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Attacking Local Browser Storage 28

Posted by CmdrTaco
from the ripe-for-pwnage dept.
CrazyCanucklehead writes "At the Blackhat security conference in Washington, DC, researcher Michael Sutton has detailed how common XSS flaws in web applications employing (Google) Gears and HTML 5 Database Storage can leave local databases wide open to attack. This comes just as Gears is starting to take off, and just yesterday Google demonstrated a beta version of offline Gmail on phones, thanks to HTML 5 support in WebKit-based browsers, such as those used by Android and the iPhone. Sutton drove home the point by walking through a real world example on commercial site Paymo.biz, which has thankfully since been fixed."
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Attacking Local Browser Storage

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  • by Gizzmonic (412910) on Thursday February 19, 2009 @05:12PM (#26921851) Homepage Journal

    Why do we need to do spreadsheets or word processing through the web? It's a dumb idea. AJAX stuff will never be secure, especially compared to local applications. I hate the idea of "the cloud." I wish the Internet would go away, maybe then my fat girlfriend wouldn't have found that other guy on WoW. I hate you Internet!

    • by mcgrew (92797) *

      Well, I don't need it and you might not either, but I can see someone with a web-enabled cell phone, a laptop, and a box at their home wanting to access their stuff from anywhere. Say I kept my check register online, I could update it any tome and who would want to access it?

      Or for taking notes or something.

    • Of course, since local applications have always been super-secure. (sarcasm).

      I have no problem with security, since I have coded my own browser, called froam, that runs each page in a separate process in a separate VM, then for safe keeping, I store the data from each thread in a separate hard drive. The storage costs are getting expensive but it is all worth it knowing I have out-microsofted microsoft at their own game. (Ha! and each desk has its own chair! Take that Balmer!!)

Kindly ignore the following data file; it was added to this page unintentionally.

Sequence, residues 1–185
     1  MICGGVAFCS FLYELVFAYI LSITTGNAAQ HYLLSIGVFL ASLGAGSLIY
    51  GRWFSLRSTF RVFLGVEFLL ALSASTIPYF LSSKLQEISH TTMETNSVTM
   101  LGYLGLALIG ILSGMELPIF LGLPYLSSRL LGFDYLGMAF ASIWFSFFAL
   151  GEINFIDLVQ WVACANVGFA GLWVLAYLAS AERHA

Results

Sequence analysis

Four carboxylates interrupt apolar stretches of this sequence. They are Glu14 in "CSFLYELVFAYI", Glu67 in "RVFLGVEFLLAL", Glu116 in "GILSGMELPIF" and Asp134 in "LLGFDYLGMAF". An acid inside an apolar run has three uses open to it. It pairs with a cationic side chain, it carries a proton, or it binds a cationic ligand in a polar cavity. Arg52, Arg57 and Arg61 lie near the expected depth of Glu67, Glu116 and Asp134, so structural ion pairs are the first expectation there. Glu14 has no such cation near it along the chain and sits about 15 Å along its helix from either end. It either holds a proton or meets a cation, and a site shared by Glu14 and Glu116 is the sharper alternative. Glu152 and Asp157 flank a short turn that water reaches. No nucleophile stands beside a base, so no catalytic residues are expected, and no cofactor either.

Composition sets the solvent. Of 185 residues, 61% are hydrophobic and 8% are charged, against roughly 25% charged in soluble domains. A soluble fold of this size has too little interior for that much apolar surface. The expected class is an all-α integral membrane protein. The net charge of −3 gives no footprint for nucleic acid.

Whatever.
    • Just wondering, was her name Alison?

  • by Giant Electronic Bra (1229876) on Thursday February 19, 2009 @05:13PM (#26921865)

    In essence it isn't a NEW vulnerability, just whenever javaScript can do some new thing on your browser then hey presto! So can someone else's javascript do that marvy new thing. Just proves that XSS attacks live on, and always will.

    • by LDoggg_ (659725)
      Sure, someone else's javascript can do that marvy new thing if you're dumb enough to include their javascript in your page.
      • Obviously, if a site is perfectly secure then it has no problems. My point was, there isn't a new vulnerability here, just a wider scope for exactly the same old ones to do more. EVERY additional feature javascript gets is one more thing an XSS exploit can do. Doesn't make it a new exploit any more than adding a new table to your database makes an SQLI exploit "new", it just means there is more data there to be messed with.

  • by dave562 (969951) on Thursday February 19, 2009 @05:21PM (#26921953) Journal
    ..to develop an app for the IRS that would allow their agents to take work home on their mobile phones. I guess they're just going to have to do things the old fashioned way and lose laptops with the data on it.
  • The article wasn't clear to me. How was this code getting executed? It looked like it was being put into the original document (like edit the source and reload from cache, in which case the result seems like normal behavior to me).
    Did anyone get the details of how the demo attack was being carried out?
    • by LDoggg_ (659725)